As guests departed for the evening they were given a copy of The Center's newest publication, "This Sense of Awe and Wonder," a compliation of lectures from 2004-2010 taken from our Rachel Carson Distinguished Lecture Series. The booklet was meant as a small token of the Center's gratitude for the continued support of its efforts and all of its initiatives, both local and worldwide. Without the help of all our supporters we would not be able to do all that we do in the local community and throughtout the entire world. It is through your donations that the Center is able to continue to "work toward realizing the dream of a sustainable and peaceful future for Earth through scholarship, education, and action."
The Center would like to extend its gratitude to all those who made donations, as well as all those who helped make the Seventh Annual Fundraising Celebration a success. For those who were unable to attend the event, but would still like to make a contribution to help us meet the Haffenreffer Challenge, you may send a check to:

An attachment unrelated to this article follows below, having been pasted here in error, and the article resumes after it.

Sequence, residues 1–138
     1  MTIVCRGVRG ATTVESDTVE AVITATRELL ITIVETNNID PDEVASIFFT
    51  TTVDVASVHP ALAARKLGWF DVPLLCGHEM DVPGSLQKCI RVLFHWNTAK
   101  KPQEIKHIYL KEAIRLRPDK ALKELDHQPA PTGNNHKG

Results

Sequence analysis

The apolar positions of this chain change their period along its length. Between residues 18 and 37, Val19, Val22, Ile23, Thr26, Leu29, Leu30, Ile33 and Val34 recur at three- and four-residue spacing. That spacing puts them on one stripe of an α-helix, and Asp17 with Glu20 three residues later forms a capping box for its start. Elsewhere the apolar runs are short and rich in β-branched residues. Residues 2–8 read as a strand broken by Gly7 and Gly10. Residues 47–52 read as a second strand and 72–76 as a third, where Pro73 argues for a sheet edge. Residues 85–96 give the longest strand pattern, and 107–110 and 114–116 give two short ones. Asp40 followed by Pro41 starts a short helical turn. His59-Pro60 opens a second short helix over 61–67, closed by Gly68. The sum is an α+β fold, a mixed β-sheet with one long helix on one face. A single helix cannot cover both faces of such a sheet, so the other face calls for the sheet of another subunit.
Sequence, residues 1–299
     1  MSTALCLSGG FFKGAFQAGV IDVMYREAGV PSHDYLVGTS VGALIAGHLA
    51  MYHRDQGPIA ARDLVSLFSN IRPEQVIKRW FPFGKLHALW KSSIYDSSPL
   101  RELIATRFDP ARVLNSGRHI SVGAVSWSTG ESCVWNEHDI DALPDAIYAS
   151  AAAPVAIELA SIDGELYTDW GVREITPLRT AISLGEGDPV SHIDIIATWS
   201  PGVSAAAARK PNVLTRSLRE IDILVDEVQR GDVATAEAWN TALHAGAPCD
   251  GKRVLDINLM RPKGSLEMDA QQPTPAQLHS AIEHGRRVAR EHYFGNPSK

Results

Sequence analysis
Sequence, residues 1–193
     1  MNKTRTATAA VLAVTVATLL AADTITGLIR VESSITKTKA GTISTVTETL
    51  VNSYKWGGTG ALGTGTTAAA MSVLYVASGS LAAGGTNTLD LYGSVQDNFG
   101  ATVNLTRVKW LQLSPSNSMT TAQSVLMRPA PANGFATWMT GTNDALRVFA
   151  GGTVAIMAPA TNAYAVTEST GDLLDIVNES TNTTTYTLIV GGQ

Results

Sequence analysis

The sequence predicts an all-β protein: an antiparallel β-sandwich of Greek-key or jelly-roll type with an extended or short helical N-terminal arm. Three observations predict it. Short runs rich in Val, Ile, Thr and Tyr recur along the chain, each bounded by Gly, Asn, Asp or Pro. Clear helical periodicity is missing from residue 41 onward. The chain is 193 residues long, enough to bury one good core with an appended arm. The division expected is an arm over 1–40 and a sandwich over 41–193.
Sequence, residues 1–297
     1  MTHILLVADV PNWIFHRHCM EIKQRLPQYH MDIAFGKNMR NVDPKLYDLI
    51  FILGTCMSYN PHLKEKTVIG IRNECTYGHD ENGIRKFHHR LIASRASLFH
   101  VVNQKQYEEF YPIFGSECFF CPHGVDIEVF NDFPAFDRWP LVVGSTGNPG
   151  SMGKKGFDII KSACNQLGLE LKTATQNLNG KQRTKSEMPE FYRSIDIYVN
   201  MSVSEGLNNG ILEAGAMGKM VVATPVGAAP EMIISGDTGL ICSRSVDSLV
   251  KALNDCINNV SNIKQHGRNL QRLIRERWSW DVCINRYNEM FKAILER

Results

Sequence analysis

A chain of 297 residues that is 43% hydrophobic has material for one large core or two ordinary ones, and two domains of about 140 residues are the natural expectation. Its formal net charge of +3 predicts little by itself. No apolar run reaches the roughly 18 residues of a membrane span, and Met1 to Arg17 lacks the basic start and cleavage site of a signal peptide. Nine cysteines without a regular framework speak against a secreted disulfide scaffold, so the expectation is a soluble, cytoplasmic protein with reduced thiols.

Peter Blaze Corcoran
10501 FGCU Boulevard South
Fort Myers, Florida 33965
Make checks payable to CESE/FGCU
The Center for Environmental and Sustainability Education has planned and prepared and now the Rachel Carson Distinguished Lecture Weekend and Annual Fundraising Celebration on Sanibel Island are finally here. The Rachel Carson Distinguished Lecture "Weekend" runs from March 29 to April 2, 2011. The lecture is a signature event of the Center and brings public intellectuals to Southwest Florida to discuss issues such as sustainability, ethics, democracy, and literature.
This year's lecture, entitled "The Africa You Don't Know: A Women's Perspective," is being held at Saint Michael and All Angels Church on Sanibel Island, Friday, April 1, 2011, at 7:30 pm. All are welcome; the lecture is free and open to the public. The keynote speakers for the event will be Akpezi Ogbuigwe of Nigeria, global head of Environmental Education and Training, United Nations Environment Programme, and Heila Lotz-Sisitka of South Africa, Chair of Environmental Education and Sustainability, Rhodes University. For more information on "The Africa You Don't Know: A Women's Perspective" please click here to visit the educational materials page we have prepared.